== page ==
Here is a recent interview, unedited, that was done through the DC Mayor’s office of Public Safety, of Talib sharing parts of his story to at risk youth. The Mayor’s office is using the edited version to show to teens throughout DC: schools, probations courts, and youth facilities. This is just one of Talib’s latest projects. I hope you enjoy this rare and candid moment. I hope that you also share this link with others. Talib can be contacted directly at for comments etc.

Watch video here


Dear Friends,
For this #GivingTuesday, please consider making a donation to Talib’s Legal Defense Fundraiser. Your gift will take us one step closer to securing much needed legal defense to take on the U.S. Parole Commission in our fight for Talib’s freedom.
Visit our Generosity page here to make your contribution.
Our giving levels include:
– $25 Friend
Special thank you on Talib’s blog, A Voice from the Inside.
-$60 Sakeenah’s Art Fan Club #2
Donate at this level to receive a colored geometric design drawn by Sakeenah!
-$150 Sakeenah’s Art Fan Club #3
Donate at this level to receive a painted geometric design made by Sakeenah!
-$250 Ally
A dozen cookies handmade by Sakeenah and mailed to your home.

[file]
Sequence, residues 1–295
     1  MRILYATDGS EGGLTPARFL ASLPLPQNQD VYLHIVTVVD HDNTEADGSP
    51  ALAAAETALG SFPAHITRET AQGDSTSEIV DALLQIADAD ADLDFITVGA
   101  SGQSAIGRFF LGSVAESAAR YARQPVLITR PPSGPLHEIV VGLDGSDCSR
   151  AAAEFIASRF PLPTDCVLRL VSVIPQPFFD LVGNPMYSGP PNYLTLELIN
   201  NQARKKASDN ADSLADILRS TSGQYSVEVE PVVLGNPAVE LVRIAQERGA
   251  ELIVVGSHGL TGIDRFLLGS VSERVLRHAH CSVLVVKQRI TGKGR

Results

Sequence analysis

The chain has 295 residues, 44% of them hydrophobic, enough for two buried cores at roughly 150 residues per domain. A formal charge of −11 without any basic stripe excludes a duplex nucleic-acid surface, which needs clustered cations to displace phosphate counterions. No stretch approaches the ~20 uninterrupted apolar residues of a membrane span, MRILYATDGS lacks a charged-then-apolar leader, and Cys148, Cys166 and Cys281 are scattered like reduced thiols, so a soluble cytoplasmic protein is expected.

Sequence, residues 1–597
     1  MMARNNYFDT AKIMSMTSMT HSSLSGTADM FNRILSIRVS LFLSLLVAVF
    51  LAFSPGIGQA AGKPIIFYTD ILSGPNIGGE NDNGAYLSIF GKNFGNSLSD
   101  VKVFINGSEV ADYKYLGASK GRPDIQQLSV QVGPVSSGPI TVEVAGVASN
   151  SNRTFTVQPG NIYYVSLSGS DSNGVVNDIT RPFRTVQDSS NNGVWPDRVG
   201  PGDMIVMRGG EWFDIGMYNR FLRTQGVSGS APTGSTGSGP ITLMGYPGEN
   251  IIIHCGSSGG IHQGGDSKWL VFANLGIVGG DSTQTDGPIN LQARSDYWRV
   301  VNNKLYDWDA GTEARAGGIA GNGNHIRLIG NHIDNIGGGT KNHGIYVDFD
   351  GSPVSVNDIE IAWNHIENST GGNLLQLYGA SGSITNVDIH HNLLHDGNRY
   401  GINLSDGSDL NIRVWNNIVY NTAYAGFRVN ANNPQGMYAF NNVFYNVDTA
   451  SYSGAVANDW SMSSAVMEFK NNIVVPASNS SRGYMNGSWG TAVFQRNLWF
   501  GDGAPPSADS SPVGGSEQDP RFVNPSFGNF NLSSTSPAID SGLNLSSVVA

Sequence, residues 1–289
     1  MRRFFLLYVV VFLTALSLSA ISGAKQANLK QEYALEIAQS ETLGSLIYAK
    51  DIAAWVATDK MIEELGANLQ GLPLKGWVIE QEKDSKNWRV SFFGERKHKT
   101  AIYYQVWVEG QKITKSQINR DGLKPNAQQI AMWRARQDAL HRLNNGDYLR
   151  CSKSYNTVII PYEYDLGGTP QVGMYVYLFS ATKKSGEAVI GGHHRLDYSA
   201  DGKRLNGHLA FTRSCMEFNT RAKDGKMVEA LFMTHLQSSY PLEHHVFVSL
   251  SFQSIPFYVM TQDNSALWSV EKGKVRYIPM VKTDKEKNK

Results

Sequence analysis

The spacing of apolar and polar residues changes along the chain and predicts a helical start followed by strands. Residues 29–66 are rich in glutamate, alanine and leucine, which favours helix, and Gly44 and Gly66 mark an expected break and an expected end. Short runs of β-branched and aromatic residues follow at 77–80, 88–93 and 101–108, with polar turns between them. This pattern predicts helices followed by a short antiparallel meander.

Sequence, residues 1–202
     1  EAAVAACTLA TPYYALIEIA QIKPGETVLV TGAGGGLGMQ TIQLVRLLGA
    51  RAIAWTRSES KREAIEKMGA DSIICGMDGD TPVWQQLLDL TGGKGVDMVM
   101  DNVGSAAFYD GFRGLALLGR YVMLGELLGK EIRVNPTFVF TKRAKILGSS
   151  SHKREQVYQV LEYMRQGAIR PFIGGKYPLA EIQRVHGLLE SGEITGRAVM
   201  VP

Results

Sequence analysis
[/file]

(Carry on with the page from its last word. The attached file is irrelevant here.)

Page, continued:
-$500 Sustainer
Signed linoleum block print made by Sakeenah.
-$1,000 Leader
Homecooked Moroccan meal for up to 6 people, delivered warm and ready to your home! Limited to within a 10 mile radius of zipcode 20003.
Thank you for your continued support!

Don’t Be the Flea

Posted: October 23, 2016 in Uncategorized


I want to share something I once read.  About a flea circus. I was taken aback because I had never heard of anything like this. Who would waste time, and how do you for that matter, train fleas.  Well, come to find out this phenomenon actually exists. What happens is the trainer puts the fleas in a box with a lid covering it. The fleas, by their very nature, will jump. They jump and jump and jump. The trick to the training is that when they jump they bump up against the lid of the box. After a while they limit their jumping to the height of the lid on the box. The trainer then comes and lifts the lid off the box. The fleas continue to jump but they will not jump the heights they once could. They have been trained. Although, to the naked eye people think the fleas are acting naturally, while in fact they aren’t. What is the morale of this. Don’t be the flea. Don’t allow yourself to be limited by the things going on around you, especially when you know you can jump high. Many people are like fleas. They have been trained to only want so much out of life. They forget to explore. They forget to stop and take in the moment. They live and die without never having thought of jumping out of the box, in order to reach their full potential. Don’t be the flea.